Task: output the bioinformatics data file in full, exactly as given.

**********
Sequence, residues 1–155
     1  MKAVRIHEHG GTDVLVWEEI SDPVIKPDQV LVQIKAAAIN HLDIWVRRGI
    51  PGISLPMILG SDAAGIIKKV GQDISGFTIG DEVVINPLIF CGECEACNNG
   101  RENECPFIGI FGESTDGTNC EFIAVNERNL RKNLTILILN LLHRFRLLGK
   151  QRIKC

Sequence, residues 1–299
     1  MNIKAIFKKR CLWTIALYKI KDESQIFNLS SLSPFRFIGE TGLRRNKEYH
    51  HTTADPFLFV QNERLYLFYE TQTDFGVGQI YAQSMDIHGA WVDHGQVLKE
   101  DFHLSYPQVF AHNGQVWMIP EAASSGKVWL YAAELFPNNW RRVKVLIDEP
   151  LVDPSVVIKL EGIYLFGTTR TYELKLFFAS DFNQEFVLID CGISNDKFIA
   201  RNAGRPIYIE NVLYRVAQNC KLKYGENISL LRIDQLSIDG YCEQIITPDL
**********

Sequence, residues 1–155
     1  MKAVRIHEHG GTDVLVWEEI SDPVIKPDQV LVQIKAAAIN HLDIWVRRGI
    51  PGISLPMILG SDAAGIIKKV GQDISGFTIG DEVVINPLIF CGECEACNNG
   101  RENECPFIGI FGESTDGTNC EFIAVNERNL RKNLTILILN LLHRFRLLGK
   151  QRIKC

Sequence, residues 1–299
     1  MNIKAIFKKR CLWTIALYKI KDESQIFNLS SLSPFRFIGE TGLRRNKEYH
    51  HTTADPFLFV QNERLYLFYE TQTDFGVGQI YAQSMDIHGA WVDHGQVLKE
   101  DFHLSYPQVF AHNGQVWMIP EAASSGKVWL YAAELFPNNW RRVKVLIDEP
   151  LVDPSVVIKL EGIYLFGTTR TYELKLFFAS DFNQEFVLID CGISNDKFIA
   201  RNAGRPIYIE NVLYRVAQNC KLKYGENISL LRIDQLSIDG YCEQIITPDL